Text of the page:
Judaism, across the denominational lines, emphasizes the dignity and sanctity of life.

Yet, Tradition understands that at certain time and in certain contexts, the value  of dignity and sanctity may rest in allowing a life to end. Medical technology has made these decisions ever more personal and, often, ever more complex. This is why it is so important to have a conversation within your family as to one’s wishes. Consultation with your rabbi is very important as there may be differences in approaches depending on where one rests on the denominational spectrum. If you cannot access a rabbi, speak with the hospital or hospice chaplain. Every branch of contemporary American Judaism supports hospice, favors organ donation and encourages the development of an Advanced Medical Directive (“living will”) and Health Care Power of Attorney. The more these issues are discussed, the greater the chance that one’s life will reflect the values of dignity and sanctity; even at life’s end.


Jewish tradition has texts that suggest how one should visit a sick person. It is one of our highest mitzvoth to visit. Increasingly, people choose to remain at home, if at all possible. This may not be possible in your case. Try and surround a person with as much familiar objects as possible. There are few things more frightening than a feeling of being alone and isolated. Jewish tradition sees little, if any, value in pain and suffering. Thus, palliative care is a major tool in creating a personal environment that supports dignity and sanctity. One’s care team should be interested in learning the beliefs and feelings of the patient. It is important to let those who are caring for someone, what that person’s beliefs (or lack thereof) are so that a healing and supportive environment can be maintained.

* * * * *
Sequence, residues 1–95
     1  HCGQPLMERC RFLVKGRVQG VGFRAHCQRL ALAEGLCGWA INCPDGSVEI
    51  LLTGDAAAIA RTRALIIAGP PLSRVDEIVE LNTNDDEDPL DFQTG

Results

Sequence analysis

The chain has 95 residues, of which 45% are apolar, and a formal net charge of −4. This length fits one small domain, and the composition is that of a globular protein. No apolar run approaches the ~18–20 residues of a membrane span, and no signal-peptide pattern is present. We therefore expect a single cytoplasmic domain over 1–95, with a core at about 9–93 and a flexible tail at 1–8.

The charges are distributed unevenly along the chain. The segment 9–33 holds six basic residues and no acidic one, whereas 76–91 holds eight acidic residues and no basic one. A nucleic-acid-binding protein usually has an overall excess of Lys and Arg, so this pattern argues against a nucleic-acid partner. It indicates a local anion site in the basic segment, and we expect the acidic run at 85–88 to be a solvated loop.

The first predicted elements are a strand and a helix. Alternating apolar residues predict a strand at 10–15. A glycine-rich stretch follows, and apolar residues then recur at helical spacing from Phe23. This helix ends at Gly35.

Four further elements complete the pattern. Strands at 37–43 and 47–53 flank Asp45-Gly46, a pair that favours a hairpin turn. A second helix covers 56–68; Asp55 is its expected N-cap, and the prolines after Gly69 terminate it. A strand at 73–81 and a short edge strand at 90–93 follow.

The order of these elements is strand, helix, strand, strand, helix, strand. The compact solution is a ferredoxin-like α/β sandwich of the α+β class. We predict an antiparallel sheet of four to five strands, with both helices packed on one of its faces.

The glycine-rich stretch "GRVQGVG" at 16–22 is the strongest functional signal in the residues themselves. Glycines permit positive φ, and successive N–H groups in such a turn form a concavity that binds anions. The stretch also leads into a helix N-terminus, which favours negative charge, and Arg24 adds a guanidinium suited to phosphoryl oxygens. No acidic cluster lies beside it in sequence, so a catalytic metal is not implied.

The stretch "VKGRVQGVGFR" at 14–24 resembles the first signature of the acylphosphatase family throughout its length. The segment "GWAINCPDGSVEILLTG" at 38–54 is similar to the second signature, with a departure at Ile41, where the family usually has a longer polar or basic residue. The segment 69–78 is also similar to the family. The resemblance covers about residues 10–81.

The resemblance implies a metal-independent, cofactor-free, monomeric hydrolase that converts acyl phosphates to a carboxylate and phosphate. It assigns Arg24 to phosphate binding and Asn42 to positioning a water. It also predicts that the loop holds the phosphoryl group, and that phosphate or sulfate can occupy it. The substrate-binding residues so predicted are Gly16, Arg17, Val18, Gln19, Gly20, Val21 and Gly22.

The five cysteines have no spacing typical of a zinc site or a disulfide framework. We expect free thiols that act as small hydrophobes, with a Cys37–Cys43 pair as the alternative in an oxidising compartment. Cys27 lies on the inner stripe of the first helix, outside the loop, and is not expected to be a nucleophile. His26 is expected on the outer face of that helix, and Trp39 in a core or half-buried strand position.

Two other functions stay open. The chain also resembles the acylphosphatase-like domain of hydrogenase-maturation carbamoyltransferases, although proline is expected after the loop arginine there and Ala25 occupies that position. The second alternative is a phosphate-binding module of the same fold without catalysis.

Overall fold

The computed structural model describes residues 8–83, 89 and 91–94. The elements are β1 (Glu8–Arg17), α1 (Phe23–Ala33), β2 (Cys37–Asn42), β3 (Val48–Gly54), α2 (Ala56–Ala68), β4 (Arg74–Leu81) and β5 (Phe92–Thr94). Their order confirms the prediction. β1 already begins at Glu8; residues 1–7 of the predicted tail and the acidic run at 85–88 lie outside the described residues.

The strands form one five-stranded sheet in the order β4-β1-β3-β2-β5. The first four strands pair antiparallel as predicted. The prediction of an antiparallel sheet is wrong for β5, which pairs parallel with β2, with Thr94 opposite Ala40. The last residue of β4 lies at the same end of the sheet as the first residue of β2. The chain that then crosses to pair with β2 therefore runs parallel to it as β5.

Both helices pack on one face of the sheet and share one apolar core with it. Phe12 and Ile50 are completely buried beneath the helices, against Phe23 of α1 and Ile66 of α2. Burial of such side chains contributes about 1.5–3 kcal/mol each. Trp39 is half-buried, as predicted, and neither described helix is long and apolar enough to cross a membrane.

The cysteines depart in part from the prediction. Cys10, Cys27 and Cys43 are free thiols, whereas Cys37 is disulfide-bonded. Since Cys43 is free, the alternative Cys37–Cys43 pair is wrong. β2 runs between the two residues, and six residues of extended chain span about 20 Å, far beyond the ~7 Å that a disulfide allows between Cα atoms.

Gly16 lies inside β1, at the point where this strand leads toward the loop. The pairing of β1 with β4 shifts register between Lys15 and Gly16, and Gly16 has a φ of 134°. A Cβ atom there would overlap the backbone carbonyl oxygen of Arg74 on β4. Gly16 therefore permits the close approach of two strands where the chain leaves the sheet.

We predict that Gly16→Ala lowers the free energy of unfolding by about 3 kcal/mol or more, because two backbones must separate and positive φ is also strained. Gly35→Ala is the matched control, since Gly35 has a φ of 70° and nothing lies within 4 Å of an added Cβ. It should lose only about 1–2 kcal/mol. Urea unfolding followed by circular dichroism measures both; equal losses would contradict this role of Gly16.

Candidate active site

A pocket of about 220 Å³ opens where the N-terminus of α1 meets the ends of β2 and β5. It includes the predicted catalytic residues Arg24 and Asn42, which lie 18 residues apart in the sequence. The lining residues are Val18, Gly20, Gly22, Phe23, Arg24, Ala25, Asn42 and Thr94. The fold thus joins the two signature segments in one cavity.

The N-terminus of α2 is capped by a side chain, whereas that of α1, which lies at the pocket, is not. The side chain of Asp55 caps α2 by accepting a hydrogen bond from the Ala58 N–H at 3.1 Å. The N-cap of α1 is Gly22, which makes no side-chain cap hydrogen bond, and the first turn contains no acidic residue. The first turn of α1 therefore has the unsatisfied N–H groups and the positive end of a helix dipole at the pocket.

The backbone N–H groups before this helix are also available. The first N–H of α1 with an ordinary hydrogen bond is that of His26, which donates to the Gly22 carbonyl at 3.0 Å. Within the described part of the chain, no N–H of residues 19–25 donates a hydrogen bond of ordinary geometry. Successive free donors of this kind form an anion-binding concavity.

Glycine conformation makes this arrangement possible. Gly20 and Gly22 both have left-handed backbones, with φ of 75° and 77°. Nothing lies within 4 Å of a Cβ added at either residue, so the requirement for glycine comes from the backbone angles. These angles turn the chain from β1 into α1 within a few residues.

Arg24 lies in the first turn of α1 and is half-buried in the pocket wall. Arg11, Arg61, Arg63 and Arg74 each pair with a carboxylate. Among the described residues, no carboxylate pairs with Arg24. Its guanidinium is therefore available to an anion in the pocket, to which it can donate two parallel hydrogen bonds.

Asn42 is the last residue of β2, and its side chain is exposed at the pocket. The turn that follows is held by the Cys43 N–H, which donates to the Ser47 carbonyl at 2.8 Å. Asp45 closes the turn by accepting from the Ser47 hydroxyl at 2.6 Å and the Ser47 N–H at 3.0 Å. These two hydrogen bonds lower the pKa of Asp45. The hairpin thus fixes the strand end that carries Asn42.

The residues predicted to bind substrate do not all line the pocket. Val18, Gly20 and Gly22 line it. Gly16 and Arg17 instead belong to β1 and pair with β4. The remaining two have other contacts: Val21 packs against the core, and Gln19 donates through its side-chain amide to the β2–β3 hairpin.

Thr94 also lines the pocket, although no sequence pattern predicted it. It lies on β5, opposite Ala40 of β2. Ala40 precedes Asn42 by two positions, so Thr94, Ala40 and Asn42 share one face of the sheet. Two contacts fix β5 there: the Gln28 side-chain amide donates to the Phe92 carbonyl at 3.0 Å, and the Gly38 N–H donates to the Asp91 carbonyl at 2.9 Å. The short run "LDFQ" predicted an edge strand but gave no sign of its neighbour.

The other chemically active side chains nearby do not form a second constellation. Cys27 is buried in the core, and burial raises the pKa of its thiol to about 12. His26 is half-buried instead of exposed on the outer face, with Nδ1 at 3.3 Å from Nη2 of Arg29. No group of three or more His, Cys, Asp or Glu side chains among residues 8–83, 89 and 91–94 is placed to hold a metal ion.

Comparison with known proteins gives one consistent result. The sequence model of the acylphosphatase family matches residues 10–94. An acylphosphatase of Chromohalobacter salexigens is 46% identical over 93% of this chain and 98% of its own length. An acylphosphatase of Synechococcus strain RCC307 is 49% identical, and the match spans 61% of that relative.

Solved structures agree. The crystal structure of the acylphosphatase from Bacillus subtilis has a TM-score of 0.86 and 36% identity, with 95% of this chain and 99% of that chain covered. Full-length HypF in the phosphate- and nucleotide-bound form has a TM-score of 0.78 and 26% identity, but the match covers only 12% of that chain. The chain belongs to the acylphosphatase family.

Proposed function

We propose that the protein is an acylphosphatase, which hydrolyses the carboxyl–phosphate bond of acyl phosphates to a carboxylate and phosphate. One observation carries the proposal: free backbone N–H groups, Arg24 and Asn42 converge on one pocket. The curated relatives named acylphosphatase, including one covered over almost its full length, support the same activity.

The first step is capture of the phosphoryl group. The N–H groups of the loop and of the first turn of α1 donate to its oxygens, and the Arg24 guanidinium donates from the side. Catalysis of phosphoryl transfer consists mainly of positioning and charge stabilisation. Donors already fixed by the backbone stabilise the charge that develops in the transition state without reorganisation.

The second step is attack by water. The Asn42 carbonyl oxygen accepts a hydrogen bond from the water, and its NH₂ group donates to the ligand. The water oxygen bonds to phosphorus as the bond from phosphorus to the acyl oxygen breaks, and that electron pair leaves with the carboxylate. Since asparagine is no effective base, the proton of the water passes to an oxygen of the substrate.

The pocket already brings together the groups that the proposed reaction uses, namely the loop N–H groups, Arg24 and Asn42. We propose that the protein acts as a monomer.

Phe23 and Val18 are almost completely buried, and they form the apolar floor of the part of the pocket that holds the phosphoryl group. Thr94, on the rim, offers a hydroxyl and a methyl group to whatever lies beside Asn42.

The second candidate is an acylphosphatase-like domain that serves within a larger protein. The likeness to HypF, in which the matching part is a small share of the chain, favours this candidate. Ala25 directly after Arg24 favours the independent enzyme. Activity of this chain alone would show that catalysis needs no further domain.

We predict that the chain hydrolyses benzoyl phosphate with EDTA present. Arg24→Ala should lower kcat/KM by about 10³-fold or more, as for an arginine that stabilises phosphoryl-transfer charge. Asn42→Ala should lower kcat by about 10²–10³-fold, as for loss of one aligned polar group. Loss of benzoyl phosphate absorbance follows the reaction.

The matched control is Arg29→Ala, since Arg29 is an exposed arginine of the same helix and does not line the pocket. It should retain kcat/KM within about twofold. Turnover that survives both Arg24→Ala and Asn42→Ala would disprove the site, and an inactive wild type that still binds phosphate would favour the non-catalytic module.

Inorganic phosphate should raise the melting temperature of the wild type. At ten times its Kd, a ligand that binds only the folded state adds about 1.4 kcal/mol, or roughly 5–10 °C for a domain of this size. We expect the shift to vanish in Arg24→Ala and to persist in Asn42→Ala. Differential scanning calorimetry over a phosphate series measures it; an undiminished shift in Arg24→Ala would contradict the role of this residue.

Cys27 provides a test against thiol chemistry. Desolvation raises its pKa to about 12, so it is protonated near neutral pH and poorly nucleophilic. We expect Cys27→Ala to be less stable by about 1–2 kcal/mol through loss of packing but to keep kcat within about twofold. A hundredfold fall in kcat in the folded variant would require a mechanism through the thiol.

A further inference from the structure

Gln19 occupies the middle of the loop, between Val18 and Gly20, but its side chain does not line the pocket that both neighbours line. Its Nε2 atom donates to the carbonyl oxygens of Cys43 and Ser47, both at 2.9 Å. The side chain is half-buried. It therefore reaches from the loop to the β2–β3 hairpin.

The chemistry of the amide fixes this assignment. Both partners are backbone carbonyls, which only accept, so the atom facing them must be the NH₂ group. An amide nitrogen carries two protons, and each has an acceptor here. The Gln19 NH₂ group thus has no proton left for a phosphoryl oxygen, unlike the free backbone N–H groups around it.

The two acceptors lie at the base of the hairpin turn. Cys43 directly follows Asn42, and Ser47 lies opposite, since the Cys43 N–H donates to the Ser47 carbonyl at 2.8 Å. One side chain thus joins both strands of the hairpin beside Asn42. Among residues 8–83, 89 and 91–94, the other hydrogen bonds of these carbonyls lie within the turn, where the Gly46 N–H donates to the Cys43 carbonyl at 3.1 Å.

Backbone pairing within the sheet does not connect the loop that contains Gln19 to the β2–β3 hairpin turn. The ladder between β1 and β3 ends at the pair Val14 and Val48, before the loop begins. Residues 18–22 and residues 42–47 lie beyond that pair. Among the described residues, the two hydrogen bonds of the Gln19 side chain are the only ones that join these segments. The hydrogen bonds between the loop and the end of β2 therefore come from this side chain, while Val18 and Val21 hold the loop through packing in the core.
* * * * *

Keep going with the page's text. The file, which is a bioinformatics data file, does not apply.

Rituals &  Symbols

Jewish tradition is rich in the use of prayer and ritual. The prayer for healing (mi’she’berach) is often recited at bedside or, in the synagogue. Often, the person’s Hebrew name is used.  There are rituals as well for when life ebbs. A short death bed confession is sometimes recited with the person, if they are capable. In certain cases, a rabbi may be asked to give a patient a new Hebrew name so as to confuse the “angel of death”. Increasingly, families are creating their own more personalized prayers or rituals that bring comfort to a person. The tradition also has a wealth of rituals that emerge following death. Those that involve the time from death to burial and the period of mourning (shiva) can be confusing and those questions need to be discussed with your rabbi. One of the frequently asked questions in recent times has involved cremation. Traditional Judaism still does not sanction this practice, while, increasingly, the more liberal branches of contemporary Judaism allow for this ritual. As we have stated, it is always best to consult your rabbi or a source with knowledge of Jewish practice.


Just about every branch of contemporary Judaism has resources available, often on-line.  The rabbi will be the best person to contact for these or, a chaplain who has some familiarity with Jewish sources. There are differences in approaches in some end of life decisions and in some of the practices associated with burial and mourning.